Google has recently released new data and findings on their self-driving car. As Google says themselves in their June 2015 report, “We’ve made a lot of progress with our self-driving technology over the past six years, and we’re still learning. Every day we head out onto public streets so we can keep challenging and refining our software.” Google also announced that moving forward, they will be releasing monthly reports.
Much of the released information is positive. For example, with the help of big data analytics tools, the self-driving cars are able to tell the difference between regular vehicles and emergency vehicles and will stop when an emergency vehicle is detected nearby. The report says, “Our car was stopped at a stoplight. Our light had turned green, but we detected an ambulance approaching from the right, so we remained stopped as it passed through the intersection.” In fact, the self-driving cars are very perceptive of all movement around them; in one case, while driving at night, two bicyclists suddenly changed paths, and one of them entered the Google car’s lane. Google reports, “Our car was able to predict that cyclist’s path of travel, so we stopped and yielded. This happened at night, when it would have been very difficult for a human driver to see what was unfolding.”
However, in this report, Google also provides detailed information for the very first time on the accidents that their self-driving cars have been involved in between 2010 and 2015. They report, “In the six years of our project, we’ve been involved in twelve minor accidents during more than 1.8 million miles of autonomous and manual driving combined. Not once was the self-driving car the cause of the accident.” Google also explains that they are disclosing data on all twelve prior accidents in this particular report, but any future accidents will be reported in the report for that month.
After analyzing Google’s reported data, it is important to note that the company is correct: each of these accidents were caused either by another vehicle or by human error while the Google car was under “manual mode” rather than “autonomous mode”. In autonomous mode, the human driver of the car isn’t touching the car’s controls at all; the software is doing all of the driving. Since each of the accidents were caused by human error, this new information can serve as an effective argument in favor of adopting these self-driving cars. But why did Google take so long to reveal this data?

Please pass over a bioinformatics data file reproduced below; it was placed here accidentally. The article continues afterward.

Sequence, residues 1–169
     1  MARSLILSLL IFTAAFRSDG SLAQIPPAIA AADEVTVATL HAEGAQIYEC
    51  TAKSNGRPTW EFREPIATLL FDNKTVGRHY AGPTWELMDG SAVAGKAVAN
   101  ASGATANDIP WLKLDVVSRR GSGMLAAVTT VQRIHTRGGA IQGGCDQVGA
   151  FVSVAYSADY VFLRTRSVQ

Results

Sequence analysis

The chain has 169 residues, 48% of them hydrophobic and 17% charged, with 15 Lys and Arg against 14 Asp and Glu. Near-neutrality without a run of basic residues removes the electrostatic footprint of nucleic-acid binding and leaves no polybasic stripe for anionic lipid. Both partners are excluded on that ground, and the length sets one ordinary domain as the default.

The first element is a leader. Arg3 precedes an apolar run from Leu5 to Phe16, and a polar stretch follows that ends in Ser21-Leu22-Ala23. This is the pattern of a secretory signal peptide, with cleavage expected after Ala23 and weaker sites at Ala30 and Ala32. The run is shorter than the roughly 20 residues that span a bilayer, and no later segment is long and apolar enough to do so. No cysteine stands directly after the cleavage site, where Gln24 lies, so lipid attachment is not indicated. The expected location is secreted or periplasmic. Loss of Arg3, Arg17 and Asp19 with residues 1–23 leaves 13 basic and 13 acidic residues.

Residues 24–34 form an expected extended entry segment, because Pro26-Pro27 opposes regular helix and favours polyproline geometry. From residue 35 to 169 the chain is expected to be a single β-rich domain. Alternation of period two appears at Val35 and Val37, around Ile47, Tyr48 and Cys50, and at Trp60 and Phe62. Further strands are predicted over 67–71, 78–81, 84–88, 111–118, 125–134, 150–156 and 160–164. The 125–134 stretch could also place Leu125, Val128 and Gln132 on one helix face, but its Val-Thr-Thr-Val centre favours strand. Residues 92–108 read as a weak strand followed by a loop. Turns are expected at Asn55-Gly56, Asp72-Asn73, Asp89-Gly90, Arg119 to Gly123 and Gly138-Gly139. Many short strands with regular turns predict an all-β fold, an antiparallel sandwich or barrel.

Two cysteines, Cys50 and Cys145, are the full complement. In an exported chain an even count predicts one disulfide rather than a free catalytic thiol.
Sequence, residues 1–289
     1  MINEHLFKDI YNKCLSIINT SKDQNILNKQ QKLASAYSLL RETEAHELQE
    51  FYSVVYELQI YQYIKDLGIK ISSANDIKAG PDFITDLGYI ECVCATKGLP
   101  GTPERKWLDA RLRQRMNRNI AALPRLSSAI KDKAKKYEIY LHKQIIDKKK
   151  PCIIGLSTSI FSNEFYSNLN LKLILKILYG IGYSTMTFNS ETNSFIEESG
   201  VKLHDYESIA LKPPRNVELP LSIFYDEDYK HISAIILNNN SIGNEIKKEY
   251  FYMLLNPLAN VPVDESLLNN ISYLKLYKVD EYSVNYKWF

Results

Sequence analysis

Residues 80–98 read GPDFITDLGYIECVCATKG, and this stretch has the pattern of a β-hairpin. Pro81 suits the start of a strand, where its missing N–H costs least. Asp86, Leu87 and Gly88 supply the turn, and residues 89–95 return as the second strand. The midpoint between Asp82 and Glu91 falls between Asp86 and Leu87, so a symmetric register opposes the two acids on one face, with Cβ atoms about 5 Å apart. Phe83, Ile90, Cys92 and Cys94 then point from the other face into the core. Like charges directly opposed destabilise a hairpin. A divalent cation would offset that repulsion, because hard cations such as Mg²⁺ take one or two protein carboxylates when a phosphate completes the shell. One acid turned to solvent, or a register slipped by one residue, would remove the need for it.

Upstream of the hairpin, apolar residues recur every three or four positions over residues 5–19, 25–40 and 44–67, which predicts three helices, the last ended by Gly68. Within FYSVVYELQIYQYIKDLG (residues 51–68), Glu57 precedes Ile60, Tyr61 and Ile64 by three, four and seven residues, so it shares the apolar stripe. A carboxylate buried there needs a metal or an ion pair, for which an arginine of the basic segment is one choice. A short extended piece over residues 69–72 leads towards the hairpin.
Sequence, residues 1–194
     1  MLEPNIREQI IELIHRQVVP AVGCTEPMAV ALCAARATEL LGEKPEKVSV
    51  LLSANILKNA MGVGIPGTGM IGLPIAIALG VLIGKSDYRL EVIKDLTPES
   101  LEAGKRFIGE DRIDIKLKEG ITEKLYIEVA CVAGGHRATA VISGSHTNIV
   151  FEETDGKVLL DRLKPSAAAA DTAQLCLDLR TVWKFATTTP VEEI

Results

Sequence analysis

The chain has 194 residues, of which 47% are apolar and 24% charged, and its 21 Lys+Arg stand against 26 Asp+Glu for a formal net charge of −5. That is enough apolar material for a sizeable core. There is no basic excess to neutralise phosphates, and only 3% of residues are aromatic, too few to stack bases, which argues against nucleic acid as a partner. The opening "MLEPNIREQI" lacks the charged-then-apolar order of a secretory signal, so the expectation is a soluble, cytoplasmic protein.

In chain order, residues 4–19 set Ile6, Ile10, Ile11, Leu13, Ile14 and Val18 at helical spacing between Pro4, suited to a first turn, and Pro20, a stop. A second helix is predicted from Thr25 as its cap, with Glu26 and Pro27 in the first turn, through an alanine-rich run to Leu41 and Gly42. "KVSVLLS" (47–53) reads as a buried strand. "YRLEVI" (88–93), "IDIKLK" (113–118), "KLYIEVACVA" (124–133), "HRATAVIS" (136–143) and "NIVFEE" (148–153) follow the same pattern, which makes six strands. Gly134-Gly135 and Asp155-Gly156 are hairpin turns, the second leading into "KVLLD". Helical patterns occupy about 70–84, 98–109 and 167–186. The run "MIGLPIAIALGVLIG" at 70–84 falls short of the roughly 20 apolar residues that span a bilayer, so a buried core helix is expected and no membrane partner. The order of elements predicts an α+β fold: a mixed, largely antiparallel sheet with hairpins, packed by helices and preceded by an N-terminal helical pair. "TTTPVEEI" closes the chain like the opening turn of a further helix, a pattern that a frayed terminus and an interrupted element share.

The primary reason Google took so long to release this information is that, according to NBC News, the California Department of Motor Vehicles has only recently allowed for these reports to be made public. The Associated Press had “argued to the Department of Motor Vehicles that the agency was improperly withholding the information.” As the Associated Press’ spokesperson Paul Colford said, “Unlocking these records and sharing them with the public are in keeping with AP’s longstanding efforts nationwide to bring about greater transparency in government agencies.” The California DMV then “determined they could release the reports as long as personal information such as the drivers’ names is blacked out.” Google was then able to release the referenced report detailing the accidents and will continue to do so.
So what does this mean for the future of self-driving technology? Google finally releasing the details of the self-driving cars and their accidents, and the fact that they’ll be disclosing these reports on a monthly basis from now on, is actually a good thing for these types of cars. It’s reassuring that Google is going to provide all the data on these cars now that the DMV will allow it. Such full disclosure on something as new, unfamiliar, and dangerous-sounding as driverless cars is crucial in convincing the public that the invention is a good idea.
Even though it initially sounds dangerous that the self-driving cars have been in twelve accidents, all the details in Google’s report show that the cars were never at fault. It really goes to show that it’s really potentially more reliable to have a computer-driven car that can sense everything around it without getting distracted as human drivers do — and this technology, much like cloud computing, will only improve over time.
~ Rick Delgado